Trice Meaning: Today’s Wordle Leaves Players Searching for Dictionary Definition

wordle today september 21

Getty In this photo illustration, the word game Wordle is shown on a mobile phone on January 12, 2022 in Houston, Texas. The online word game Wordle has gone viral after initially gaining momentum in October of 2021. Created by software engineer Josh Wardle, the game now has more than 2.7 million players.

Today’s Wordle answer has some players searching for a dictionary after they plugged in a few logical letters and learned that “trice” was a word September 19, 2022. But what is its meaning or definition?

The word “trice” can be used as a noun or as a verb. It has very different definitions depending on the part of speech, according to Merriam-Webster’s dictionary. The dictionary says that “trice” is most often used in the phrase, “in a trice,” meaning that it will happen quickly.

Here’s what you need to know:


‘Trice’ Is a Synonym for ‘Jiffy’ & Can Also Be Related to Hauling Up & Securing

“Trice” is most commonly used as a noun in the phrase, “in a trice.” Merriam-Webster’s dictionary defines “trice” as “a brief space of time : INSTANT —used chiefly in the phrase in a trice.” That is the definition of “trice” as a noun.

If you wanted to use “trice” in a sentence, you might say “it’s just a scrape on the knee—we’ll have you fixed up in a trice,” the dictionary says.

It can also be used as a verb, meaning, “to haul up or in and lash or secure (something, such as a sail) with a small rope.” Something can also be triced, or, if you are hauling and securing something right now, you might be tricing.

Both definitions of the word trace their roots back to the 15th Century, the dictionary says.

Synonyms for “trice” as a noun include “beat, eyeblink, flash, heartbeat, instant, jiff, jiffy, minute, moment, nanosecond, New York minute, second, shake, split second, twinkle, twinkling, wink,” the dictionary entry says.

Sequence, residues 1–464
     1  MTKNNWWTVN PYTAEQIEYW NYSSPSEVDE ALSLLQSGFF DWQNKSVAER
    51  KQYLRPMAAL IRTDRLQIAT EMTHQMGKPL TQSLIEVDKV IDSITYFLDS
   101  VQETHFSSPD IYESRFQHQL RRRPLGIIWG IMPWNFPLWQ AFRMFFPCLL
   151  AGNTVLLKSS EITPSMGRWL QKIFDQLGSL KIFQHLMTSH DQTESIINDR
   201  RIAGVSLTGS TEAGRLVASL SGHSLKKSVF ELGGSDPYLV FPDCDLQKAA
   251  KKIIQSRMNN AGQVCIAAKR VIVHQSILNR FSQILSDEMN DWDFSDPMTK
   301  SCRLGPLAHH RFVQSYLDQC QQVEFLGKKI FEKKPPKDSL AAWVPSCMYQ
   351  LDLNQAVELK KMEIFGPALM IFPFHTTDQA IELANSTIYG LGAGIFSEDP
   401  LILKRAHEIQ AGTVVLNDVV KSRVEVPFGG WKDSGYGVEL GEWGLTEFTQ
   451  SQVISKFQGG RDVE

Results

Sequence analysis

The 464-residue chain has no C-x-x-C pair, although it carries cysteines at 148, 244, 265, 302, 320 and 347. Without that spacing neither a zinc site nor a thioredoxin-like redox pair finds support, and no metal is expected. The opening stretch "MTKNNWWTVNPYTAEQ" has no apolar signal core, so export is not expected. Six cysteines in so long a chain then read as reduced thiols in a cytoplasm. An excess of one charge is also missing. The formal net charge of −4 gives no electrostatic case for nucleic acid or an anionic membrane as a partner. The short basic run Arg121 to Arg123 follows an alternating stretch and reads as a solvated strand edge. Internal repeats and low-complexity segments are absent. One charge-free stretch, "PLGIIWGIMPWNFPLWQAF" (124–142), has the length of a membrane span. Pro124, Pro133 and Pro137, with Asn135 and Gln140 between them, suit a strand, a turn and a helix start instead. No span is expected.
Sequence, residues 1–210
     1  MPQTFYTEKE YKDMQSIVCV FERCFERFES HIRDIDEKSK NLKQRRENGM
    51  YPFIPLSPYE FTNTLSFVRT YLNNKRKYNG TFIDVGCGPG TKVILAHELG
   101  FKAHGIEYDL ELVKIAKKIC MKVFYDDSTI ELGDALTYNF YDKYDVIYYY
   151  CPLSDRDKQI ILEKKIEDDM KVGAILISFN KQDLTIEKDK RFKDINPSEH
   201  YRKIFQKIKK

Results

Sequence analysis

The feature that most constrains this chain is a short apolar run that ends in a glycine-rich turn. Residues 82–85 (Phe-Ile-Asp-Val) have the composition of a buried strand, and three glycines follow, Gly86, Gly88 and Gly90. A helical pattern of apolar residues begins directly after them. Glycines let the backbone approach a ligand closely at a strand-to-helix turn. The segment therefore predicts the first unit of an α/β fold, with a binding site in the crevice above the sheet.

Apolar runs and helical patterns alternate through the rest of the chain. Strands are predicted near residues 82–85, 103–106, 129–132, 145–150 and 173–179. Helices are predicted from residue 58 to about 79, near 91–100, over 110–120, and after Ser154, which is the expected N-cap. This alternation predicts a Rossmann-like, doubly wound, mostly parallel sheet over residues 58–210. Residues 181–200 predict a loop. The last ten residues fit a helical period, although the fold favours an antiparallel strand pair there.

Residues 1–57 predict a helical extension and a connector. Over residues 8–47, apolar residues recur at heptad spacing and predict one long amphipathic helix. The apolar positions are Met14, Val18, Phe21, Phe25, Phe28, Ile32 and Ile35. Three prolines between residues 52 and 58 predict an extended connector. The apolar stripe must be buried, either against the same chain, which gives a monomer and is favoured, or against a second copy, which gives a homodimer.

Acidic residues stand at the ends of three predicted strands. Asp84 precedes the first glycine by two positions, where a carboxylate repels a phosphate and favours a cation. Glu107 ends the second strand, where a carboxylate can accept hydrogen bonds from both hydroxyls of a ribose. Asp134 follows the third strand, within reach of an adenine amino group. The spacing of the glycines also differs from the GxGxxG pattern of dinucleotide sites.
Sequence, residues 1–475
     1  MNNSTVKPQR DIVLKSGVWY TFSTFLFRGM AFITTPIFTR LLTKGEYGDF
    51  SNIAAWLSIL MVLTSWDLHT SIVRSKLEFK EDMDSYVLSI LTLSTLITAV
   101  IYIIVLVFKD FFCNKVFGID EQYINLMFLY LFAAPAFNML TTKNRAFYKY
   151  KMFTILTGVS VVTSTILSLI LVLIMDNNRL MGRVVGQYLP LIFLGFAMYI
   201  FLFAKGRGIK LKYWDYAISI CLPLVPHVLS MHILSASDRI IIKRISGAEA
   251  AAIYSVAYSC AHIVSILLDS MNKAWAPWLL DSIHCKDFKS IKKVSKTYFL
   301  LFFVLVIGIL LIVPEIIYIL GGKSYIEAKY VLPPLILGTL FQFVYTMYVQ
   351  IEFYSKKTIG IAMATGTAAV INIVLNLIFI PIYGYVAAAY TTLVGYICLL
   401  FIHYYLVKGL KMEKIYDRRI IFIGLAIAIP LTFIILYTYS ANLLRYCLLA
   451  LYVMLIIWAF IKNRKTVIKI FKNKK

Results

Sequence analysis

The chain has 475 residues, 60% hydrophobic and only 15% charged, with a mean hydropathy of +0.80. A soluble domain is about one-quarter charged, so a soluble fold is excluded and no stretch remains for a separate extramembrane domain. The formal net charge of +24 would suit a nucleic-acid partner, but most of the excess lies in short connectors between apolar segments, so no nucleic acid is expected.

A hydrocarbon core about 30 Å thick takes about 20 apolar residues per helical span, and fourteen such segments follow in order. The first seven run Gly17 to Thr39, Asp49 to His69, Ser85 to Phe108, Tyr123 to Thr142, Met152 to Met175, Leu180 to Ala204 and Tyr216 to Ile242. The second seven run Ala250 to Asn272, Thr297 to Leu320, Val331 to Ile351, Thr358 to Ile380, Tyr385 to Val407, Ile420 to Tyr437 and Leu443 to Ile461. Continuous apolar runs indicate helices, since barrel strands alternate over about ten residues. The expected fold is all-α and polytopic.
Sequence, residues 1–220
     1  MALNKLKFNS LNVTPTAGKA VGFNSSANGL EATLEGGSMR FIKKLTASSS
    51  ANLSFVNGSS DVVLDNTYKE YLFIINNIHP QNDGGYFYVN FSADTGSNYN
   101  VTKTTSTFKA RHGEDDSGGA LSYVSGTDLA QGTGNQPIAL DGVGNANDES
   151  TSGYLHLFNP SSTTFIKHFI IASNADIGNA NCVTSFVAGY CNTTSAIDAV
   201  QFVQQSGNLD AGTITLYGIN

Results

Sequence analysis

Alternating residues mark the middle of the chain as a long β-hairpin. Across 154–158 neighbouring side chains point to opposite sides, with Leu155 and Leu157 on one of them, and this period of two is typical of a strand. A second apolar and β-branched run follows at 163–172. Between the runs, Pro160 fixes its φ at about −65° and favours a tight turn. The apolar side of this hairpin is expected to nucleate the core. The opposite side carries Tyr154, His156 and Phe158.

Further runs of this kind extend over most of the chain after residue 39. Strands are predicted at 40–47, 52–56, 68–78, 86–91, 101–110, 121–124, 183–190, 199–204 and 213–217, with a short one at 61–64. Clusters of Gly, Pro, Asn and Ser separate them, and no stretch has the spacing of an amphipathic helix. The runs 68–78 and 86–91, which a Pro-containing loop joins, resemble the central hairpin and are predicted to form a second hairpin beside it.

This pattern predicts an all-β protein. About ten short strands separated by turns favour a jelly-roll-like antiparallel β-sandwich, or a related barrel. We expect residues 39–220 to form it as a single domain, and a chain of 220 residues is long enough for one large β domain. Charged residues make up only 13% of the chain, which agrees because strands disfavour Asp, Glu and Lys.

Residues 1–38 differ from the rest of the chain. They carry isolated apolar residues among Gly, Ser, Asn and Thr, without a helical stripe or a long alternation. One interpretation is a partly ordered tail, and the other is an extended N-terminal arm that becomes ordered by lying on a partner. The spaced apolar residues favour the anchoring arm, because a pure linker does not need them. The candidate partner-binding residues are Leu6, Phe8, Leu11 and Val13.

‘Trice’ Stems From a Middle English Word Meaning ‘to Pull Up’ or ‘Hoist’

The word “trice” as a noun stems from the Middle English word “trise,” which means “to pull” and comes from the word “trisen,” according to Merriam-Webster’s dictionary. As a verb, the word stems from the Middle English words “trisen,” or “tricen,” meaning to pull, and trice, from the Middle Dutch word “trisen,” meaning “to hoist,” from “trise” windlass, the dictionary says.

While there likely aren’t often as many reasons to use the verb form of the word in modern times, the dictionary records recent usage of the word. On July 5, 2022, an article in the “Los Angeles Times” said “at least a hundred people died in that one, including 15 who were standing on bridges marveling at the rush of waters when, in a trice, the waters tore away the bridges,” according to the dictionary.

Selena Takigawa Hoy used the word in an article published in “Leisure + Travel” June 21, 2021, the dictionary said. Hoy wrote: “The precarious bridges, as conventional wisdom goes, could be cut down in a trice, leaving enemies stymied.”

Kyle Smith used the word in an article for “National Review” published October 8, 2019, the dictionary entry said. Smith write, “In a trice, the amicability recedes to approximately the level of the battle of Verdun.”

“The Economist” also printed the word on July 11, 2019, the dictionary said. Their article said, “One side of the balance-sheet is hard-to-sell loans; the other side is deposits that can be withdrawn in a trice.”

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